Scientific Detector Workshop 2022 in Potsdam
From 4 to 9 September, the international meeting Scientific Detector Workshop 2022 (SDW2022) will take place in Potsdam to discuss the latest developments in the field of imaging sensors. After a break forced by the pandemic, scientists and engineers are looking forward to the meeting in the historic surroundings of the former Astrophysical Observatory Potsdam on the Telegrafenberg. The focus of the conference, now in its seventh year, is on astronomy and earth sciences.
Wonderful and increasingly detailed astronomical images of stars and galaxies would not be possible without technologically sophisticated detectors with which modern space telescopes and large observatories are equipped. Most recently, the release of the first images from the James Webb Space Telescope (JWST) on 12 July, 2022, caused a sensation. It is these electronic “eyes” that enable instruments such as imaging cameras, spectrographs, etc. to perform at high levels, sometimes in spectral ranges not accessible to the human eye, such as UV, X-ray, and infrared. Image sensors for scientific sensors are specially optimized photonic components that require years of development work by experts and, as custom-made products, involve development costs in the millions of euros. As “waste products”, the industry profits from these complex developments, e.g. in the form of CMOS image sensors, which can be found today as a mass product in every mobile phone.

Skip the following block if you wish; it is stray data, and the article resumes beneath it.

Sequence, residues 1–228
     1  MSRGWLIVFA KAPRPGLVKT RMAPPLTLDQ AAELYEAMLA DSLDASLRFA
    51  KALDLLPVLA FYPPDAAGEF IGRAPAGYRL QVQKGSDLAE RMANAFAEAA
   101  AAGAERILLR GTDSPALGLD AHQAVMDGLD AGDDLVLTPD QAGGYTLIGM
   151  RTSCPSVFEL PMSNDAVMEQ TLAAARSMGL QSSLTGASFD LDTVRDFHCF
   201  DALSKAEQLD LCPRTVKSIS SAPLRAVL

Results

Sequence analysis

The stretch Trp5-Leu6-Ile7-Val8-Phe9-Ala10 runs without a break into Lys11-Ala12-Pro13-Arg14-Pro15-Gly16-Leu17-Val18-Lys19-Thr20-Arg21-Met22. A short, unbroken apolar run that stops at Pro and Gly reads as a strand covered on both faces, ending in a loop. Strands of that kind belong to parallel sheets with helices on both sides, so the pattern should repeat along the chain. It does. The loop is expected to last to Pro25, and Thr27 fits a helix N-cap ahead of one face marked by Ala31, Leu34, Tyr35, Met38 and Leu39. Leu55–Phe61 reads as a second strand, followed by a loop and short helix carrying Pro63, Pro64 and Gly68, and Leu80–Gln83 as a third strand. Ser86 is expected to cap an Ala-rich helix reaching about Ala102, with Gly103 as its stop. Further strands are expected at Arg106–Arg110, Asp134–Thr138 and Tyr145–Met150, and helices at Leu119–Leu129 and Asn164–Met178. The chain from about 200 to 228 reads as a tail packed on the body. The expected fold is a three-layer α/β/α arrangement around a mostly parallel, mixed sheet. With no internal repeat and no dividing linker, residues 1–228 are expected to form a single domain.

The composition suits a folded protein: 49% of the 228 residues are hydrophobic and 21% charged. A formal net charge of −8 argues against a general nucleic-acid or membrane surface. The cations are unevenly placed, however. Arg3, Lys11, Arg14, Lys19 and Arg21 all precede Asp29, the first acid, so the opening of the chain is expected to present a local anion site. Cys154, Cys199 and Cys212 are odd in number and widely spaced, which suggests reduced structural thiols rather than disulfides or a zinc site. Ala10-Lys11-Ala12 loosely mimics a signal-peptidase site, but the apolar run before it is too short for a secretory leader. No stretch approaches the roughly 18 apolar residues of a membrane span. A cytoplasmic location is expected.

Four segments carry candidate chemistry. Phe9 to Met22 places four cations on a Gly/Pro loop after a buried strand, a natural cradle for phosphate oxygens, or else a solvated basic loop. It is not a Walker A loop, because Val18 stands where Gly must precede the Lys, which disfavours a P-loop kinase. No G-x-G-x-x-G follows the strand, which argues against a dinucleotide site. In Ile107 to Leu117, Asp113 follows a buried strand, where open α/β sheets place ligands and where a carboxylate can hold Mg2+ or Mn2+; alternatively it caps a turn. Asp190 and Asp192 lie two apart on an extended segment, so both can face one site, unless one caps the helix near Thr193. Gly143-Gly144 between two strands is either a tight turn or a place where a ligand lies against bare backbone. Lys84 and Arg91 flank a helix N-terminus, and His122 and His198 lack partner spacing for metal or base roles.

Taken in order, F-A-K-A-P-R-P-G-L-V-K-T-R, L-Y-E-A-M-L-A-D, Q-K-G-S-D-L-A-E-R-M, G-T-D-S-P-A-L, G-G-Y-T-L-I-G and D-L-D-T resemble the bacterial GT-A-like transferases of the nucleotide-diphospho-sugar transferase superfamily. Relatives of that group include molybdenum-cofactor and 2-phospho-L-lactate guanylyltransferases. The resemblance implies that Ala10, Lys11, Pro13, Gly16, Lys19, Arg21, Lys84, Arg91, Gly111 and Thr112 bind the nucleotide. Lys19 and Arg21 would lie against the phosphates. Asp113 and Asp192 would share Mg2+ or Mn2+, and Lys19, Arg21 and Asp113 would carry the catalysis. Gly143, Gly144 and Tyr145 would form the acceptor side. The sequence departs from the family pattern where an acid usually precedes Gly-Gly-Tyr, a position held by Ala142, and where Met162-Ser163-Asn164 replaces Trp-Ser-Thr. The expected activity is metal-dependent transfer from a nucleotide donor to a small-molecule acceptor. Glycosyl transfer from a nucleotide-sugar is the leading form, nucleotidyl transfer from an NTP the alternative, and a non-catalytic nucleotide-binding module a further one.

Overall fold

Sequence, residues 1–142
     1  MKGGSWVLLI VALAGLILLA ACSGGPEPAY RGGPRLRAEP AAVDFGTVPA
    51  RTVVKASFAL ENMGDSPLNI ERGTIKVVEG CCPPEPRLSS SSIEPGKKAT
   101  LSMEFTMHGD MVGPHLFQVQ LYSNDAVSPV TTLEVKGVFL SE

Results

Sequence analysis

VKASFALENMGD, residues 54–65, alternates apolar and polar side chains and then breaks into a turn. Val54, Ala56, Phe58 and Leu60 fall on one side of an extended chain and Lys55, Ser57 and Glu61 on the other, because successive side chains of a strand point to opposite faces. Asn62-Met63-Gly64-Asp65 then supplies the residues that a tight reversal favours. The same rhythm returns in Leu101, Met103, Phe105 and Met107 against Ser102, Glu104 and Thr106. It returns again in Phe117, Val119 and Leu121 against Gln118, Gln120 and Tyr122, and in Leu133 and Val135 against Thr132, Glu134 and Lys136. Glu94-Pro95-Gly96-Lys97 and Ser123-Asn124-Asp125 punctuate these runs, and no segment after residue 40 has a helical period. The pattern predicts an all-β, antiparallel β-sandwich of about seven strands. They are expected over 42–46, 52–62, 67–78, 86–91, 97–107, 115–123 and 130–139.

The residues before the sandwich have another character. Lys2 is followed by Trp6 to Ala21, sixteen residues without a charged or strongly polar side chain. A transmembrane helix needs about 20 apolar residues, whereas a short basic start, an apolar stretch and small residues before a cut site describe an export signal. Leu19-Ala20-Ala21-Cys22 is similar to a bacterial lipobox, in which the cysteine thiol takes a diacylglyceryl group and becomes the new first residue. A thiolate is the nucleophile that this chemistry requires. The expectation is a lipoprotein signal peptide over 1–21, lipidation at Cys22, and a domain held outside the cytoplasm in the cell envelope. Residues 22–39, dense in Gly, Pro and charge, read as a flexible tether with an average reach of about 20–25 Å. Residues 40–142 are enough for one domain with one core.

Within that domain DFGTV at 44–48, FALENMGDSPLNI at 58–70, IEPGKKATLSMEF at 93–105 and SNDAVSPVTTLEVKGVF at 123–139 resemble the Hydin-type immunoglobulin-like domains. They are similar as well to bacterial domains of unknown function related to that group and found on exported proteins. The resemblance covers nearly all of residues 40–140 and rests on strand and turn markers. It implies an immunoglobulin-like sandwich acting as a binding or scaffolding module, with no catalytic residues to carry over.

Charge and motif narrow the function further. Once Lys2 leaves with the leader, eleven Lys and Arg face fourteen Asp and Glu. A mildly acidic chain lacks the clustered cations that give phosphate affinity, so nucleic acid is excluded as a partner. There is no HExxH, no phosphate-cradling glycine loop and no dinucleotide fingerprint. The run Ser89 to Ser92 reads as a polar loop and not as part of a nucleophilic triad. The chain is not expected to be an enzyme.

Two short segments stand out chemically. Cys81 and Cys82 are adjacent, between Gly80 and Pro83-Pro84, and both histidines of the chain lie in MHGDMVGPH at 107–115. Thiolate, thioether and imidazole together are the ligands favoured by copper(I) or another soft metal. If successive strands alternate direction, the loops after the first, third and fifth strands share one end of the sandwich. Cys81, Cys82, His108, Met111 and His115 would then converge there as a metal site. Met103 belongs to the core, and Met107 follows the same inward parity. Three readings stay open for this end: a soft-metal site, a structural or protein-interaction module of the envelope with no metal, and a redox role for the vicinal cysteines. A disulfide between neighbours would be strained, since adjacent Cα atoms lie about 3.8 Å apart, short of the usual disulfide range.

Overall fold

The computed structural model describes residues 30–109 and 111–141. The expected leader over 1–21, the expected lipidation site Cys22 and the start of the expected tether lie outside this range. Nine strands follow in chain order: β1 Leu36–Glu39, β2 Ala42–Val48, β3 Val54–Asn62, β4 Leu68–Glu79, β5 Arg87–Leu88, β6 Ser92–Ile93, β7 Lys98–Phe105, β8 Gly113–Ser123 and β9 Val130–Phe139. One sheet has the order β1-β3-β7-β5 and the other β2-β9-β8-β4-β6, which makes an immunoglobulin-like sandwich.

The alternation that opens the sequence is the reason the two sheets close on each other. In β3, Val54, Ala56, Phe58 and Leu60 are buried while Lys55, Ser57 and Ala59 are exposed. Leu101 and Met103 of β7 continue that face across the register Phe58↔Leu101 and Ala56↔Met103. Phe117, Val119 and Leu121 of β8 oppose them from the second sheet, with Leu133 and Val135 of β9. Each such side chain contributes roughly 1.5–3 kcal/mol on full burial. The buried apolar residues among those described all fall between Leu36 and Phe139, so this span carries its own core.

The Scientific Detector Workshop is a conference series held approximately every three years at prominent locations – most recently in 2017 at the Space Telescope Science Institute in Baltimore, USA. Professor Martin Roth from the Innovation Center innoFSPEC at AIP is pleased about the numerous registrations of top-class experts for SDW2022: “It means a great honour for us Potsdamers to be allowed to organize this renowned conference at Telegrafenberg.” Among the participants are leading international experts from institutions such as the European Space Agency (ESA), the European Southern Observatory (ESO), the Massachusetts Institute of Technology (MIT) and NASA's Jet Propulsion Laboratory, some of whom played a leading role in the development of JWST. Martin Roth goes on to say, “Not only are we building on the tradition of optical sensors – photoelectric photometry, then using 1-pixel sensors, was invented in 1913 by Paul Guthnick, director of the Babelsberg Observatory –, but we are now at the forefront of cutting-edge international research with the use of modern detectors for instruments such as MUSE or 4MOST.”
NASA press release JWST first images
More about 4MOST
More about MUSE